This text is quoted from "Here's Fort Wayne Past & Present" Bicentennial booklet of 1993:
"The great expanse of the main post office complex between Clinton and Lafayette streets is an impressive facility. Yet not very long ago this area formed the central part of a much larger railroad operation called the Pennsy Shops. These locomotive and railroad car shops extended east nearly three miles along the present-day Conrail tracks on the south side of the city. For nearly half a century, from the Civil War until just past the turn of the century, Fort Wayne was one of the most important railroad centers in the nation. At one time, along the Pennsylvania line alone, 50 trains a day stopped in Fort Wayne. This is one every half hour, and on just one of the seven railways in town (by 1900 more than 200 trains a day came and went in Fort Wayne). What made Fort Wayne a railroad center was the complex of shops where locomotives and cars were designed, built, tested and repaired or overhauled. Hundreds of locomotives and thousands of railroad cars were built here, Here, too, the "West Enders" worked. These were the railroaders who, with the brim of their striped caps characteristically turned up, took immense pride in pushing the great steam engines (and themselves) to maximum performance. And here labored hundreds of craftsmen, who built some of the most luxurious passenger cars in the nation. The shops themselves were the central feature of all this activity, and they were a part of the very beginnings of railroading in Fort Wayne.
Even before a train had ever been seen in Fort Wayne, Samuel Hanna in 1852 donated a parcel of land east of Clinton for the anticipated railroad shops. In 1853 John and Charles Cooper set up a blacksmithy nearby, and in the next year Kentuckian Sion Bass bought the operation, only to sell it in 1857 to the newly formed Pittsburgh, Fort Wayne and Chicago Railroad (later the Pennsylvania Railroad). This was the beginning of the Pennsy Shops. The Shops grew rapidly, especially with the demands of the Civil War; in concert with the Bass Foundry located across the street the railroad shops provided critical material help to the Union war effort.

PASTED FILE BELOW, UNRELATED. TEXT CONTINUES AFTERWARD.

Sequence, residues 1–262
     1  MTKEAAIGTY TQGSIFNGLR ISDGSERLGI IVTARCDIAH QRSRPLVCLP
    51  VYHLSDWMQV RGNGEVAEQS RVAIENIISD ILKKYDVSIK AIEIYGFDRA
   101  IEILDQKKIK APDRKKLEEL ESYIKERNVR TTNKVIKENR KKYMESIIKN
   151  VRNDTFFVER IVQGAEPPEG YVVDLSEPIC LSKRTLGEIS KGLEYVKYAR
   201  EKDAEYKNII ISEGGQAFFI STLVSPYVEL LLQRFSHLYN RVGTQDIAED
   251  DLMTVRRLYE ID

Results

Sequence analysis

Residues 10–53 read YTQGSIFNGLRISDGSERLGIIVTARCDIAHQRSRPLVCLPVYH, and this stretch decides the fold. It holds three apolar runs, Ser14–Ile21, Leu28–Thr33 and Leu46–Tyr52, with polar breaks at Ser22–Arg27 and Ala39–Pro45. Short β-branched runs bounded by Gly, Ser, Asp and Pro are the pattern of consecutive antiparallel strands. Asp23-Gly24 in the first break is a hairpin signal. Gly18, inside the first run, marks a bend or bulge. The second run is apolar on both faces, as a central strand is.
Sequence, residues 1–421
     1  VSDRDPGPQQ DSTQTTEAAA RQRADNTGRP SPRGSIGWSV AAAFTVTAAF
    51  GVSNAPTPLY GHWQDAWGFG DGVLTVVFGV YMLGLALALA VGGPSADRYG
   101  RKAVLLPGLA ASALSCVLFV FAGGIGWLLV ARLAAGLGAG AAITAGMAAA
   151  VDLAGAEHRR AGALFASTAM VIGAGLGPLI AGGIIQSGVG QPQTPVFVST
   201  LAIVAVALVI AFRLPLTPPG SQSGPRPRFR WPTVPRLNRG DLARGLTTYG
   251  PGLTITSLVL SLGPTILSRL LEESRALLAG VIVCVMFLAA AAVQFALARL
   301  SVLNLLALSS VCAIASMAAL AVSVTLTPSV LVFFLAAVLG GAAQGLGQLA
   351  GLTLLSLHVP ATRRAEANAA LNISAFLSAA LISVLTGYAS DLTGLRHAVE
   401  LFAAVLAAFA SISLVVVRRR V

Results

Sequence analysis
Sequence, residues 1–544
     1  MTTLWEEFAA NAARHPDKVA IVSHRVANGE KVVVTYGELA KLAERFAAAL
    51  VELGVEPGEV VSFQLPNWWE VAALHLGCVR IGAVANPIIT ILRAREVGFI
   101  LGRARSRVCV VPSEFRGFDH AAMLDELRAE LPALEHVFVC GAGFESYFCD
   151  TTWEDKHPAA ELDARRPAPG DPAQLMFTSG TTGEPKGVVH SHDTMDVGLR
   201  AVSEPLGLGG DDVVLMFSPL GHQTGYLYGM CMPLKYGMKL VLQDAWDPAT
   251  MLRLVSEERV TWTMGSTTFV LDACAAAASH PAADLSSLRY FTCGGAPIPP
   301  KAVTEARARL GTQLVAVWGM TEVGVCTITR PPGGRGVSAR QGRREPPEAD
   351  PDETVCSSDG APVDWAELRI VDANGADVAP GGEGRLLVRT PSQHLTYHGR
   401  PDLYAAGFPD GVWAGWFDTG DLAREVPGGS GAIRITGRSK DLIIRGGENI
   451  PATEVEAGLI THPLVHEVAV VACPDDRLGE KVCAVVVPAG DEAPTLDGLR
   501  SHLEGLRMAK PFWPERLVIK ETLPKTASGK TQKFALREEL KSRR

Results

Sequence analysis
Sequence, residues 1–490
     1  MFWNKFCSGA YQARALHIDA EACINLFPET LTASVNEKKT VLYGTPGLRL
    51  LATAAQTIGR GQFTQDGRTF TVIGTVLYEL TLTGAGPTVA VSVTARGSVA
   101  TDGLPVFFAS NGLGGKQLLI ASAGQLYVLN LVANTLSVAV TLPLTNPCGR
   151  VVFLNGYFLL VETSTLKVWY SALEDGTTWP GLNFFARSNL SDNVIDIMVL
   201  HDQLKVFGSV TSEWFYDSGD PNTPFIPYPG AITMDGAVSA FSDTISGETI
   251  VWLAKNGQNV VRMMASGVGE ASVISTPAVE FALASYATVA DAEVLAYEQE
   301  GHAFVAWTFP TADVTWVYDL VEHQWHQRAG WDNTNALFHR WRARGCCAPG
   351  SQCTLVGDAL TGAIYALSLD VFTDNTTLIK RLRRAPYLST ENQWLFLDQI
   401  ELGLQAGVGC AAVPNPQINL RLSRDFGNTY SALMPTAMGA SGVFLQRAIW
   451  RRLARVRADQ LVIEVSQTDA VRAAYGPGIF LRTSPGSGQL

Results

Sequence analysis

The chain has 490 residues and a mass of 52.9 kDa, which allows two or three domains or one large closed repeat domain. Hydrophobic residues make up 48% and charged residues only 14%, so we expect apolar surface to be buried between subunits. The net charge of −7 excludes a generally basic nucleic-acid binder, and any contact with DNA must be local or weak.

After the Civil War, railways across the nation expanded greatly, and the demand for better engines and cars redoubled. In Fort Wayne the basic design of the Pullman Car was refined to produce the "Fort Wayne Silver Palace Car. " This elegant sleeping car, resting on the best springs available, was lush, with a rich, brilliantly colored moquette carpeting to match the velvet upholstery of the silverarmed seats. Silver omamentation highlighted the painted ceiling, and black walnut woodwork boasted gold trimmings. The lamps cradled fine cut-glass globes. An adjustable table could be set up between the seats. Under the direction of Fort Wayne-based master mechanic James Boone, the locomotive assumed a leading position in the railroading world of the 1870s. "Boone-built"locomotives, designed and built in Fort Wayne, broke many performance records, especially those for speed on the long straight lines west from Fort Wayne to Chicago. Also designed in Fort Wayne was the Pennsylvania system's superb Class X locomotive, called the Steffin Engine (after its designer). Built in the Pennsy Shops between 1892 and 1897 these were high-performance engines. One locomotive stunned railroaders when it left Foil Wayne an hour and a half late but arrived in Chicago only 14 minutes behind schedule.
Fort Wayne no longer made locomotives after World War I, and much of the work at the Pennsy Shops was given to repair and overhaul. Even after locomotive rebuilding in Fort Wayne ended in 1933, the Shops continued to build passenger cars. Still, production in the Shops declined sharply after World War IL Finally, in 1953 the last of the railroad operations closed, and by 1966 all the property had been abandoned. The roundhouse, the most distinctive feature of the Shops, was tom down in 1984, the last vestige of the once mighty Pennsy Shops."